After my donation, I did get a nice 'thank you' email which had a bit more info on the place, reproduced here for anyone looking to find out more:

The animals here are kept on a 26 acre farm where they are neutered, micro chipped, vaccinated and given any other medical assistance necessary.  Dogs, cats, rabbits, guinea pigs and other small animals are then placed in secure and loving vetted homes.


Horses, donkeys, cows, pigs, sheep, goats, chickens, ducks and geese spend their natural lives at Foal Farm and no healthy animal is ever destroyed.  If no home can be found the animal becomes a resident for the rest of its life.


Foal Farm relies entirely on voluntary contributions, legacies and money made from fundraising

Sunday, 11 January 2015

January 2015–The Farm Animal Sanctuary

The Donate a Day charity for January 2015 is The Farm Animal Sanctuary.

I think this passage from their website says it all really:

Why we are here..

Farm animals are global. They are not endangered, exotic or wild. They are animals who are born and raised for their meat and milk, and throughout the world very often do this with a minimum of care.
Care costs time and money, and they’re not considered to be worth either. They are just another product, although unlike other food products such as grains, fruits and vegetables, they bleed when they are injured. They die from fear and stress. They suffer distress when their young are taken away from them. They can be kept until they are too old to stand as long as they can still produce milk or offspring. They can then be travelled hundreds of miles, enduring awful conditions, to be slaughtered without pre-stunning.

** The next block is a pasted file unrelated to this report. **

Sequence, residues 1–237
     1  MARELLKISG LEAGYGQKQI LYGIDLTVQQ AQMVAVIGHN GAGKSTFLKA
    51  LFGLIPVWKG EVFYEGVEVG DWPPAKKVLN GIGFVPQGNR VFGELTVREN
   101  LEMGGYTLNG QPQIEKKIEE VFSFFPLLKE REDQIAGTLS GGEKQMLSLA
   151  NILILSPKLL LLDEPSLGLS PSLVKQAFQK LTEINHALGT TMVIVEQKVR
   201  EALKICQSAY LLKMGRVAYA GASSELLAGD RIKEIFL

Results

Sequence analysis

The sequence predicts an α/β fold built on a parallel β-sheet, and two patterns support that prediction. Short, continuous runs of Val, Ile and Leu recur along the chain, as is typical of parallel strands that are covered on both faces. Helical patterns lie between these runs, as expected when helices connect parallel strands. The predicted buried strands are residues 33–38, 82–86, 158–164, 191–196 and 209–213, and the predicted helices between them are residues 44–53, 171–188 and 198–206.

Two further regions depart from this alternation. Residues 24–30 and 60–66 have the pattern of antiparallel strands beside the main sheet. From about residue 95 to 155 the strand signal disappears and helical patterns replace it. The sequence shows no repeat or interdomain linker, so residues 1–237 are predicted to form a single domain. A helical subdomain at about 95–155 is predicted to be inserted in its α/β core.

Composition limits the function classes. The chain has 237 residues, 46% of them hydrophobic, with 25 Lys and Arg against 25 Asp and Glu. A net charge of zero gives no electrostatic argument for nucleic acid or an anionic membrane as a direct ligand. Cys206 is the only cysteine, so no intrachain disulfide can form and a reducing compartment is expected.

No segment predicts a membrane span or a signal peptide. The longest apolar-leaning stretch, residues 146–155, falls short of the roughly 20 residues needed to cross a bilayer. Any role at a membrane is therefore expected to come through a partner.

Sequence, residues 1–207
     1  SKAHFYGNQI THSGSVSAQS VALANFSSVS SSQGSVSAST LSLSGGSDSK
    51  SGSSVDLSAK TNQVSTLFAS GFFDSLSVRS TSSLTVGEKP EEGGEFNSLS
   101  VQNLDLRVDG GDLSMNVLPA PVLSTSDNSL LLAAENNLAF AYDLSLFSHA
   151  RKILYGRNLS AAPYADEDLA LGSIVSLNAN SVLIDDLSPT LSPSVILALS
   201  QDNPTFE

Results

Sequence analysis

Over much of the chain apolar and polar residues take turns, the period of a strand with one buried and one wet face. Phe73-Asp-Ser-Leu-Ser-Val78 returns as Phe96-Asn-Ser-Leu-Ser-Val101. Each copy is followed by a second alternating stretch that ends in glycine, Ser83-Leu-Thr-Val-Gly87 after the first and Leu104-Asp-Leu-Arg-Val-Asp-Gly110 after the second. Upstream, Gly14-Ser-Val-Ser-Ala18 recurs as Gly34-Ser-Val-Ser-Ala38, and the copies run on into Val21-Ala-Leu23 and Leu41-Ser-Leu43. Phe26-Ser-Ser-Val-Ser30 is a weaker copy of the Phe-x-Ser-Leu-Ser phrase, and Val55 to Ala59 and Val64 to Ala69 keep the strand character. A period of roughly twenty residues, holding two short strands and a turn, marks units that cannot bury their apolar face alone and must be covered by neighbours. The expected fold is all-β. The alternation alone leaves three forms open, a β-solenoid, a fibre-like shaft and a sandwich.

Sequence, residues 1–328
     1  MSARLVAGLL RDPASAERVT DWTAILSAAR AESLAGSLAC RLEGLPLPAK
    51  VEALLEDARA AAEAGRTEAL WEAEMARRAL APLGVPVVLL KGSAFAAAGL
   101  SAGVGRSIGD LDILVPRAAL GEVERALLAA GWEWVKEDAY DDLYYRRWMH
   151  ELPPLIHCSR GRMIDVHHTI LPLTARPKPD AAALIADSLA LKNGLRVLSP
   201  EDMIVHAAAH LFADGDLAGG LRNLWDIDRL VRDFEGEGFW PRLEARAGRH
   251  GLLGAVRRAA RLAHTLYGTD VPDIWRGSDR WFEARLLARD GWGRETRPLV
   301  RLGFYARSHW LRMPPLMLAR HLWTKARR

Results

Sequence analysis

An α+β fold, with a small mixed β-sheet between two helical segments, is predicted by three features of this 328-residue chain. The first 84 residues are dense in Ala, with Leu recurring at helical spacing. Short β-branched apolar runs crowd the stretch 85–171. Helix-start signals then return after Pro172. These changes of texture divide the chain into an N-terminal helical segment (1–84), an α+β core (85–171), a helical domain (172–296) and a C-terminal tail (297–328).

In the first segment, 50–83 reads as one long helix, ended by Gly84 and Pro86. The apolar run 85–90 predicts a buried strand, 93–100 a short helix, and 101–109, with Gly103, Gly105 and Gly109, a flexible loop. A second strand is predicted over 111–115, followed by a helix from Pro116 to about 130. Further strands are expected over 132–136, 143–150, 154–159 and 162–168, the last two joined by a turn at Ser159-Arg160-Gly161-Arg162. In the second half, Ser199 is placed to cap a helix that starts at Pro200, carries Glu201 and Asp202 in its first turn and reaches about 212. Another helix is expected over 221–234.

There are very few places throughout the world where farm animals can find sanctuary to be able to live out their lives in peace, to be treated with kindness and respect. We watch these animals become comfortable and confident. We see their characters develop. We admire their intelligence and the way they embrace their peaceful surroundings. We watch them begin to play and finally become content.
They form close companionships and soon recognise the people who care for them and look after them. They ask for very little. For us it’s a pleasure and a privilege to be part of their daily lives.
This is why we are here.